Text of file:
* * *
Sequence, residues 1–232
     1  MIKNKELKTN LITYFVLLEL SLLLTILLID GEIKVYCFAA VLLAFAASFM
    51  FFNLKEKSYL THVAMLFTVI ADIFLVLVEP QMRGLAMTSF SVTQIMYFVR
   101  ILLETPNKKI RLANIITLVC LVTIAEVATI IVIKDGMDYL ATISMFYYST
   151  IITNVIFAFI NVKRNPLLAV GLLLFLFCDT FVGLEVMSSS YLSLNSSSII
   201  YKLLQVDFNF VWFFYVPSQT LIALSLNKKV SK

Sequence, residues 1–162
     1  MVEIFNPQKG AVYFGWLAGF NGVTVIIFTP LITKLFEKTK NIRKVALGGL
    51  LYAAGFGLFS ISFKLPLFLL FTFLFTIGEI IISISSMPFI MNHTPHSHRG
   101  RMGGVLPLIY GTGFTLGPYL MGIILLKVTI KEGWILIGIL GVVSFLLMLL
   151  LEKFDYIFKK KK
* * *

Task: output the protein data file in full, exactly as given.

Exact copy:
Sequence, residues 1–232
     1  MIKNKELKTN LITYFVLLEL SLLLTILLID GEIKVYCFAA VLLAFAASFM
    51  FFNLKEKSYL THVAMLFTVI ADIFLVLVEP QMRGLAMTSF SVTQIMYFVR
   101  ILLETPNKKI RLANIITLVC LVTIAEVATI IVIKDGMDYL ATISMFYYST
   151  IITNVIFAFI NVKRNPLLAV GLLLFLFCDT FVGLEVMSSS YLSLNSSSII
   201  YKLLQVDFNF VWFFYVPSQT LIALSLNKKV SK

Sequence, residues 1–162
     1  MVEIFNPQKG AVYFGWLAGF NGVTVIIFTP LITKLFEKTK NIRKVALGGL
    51  LYAAGFGLFS ISFKLPLFLL FTFLFTIGEI IISISSMPFI MNHTPHSHRG
   101  RMGGVLPLIY GTGFTLGPYL MGIILLKVTI KEGWILIGIL GVVSFLLMLL
   151  LEKFDYIFKK KK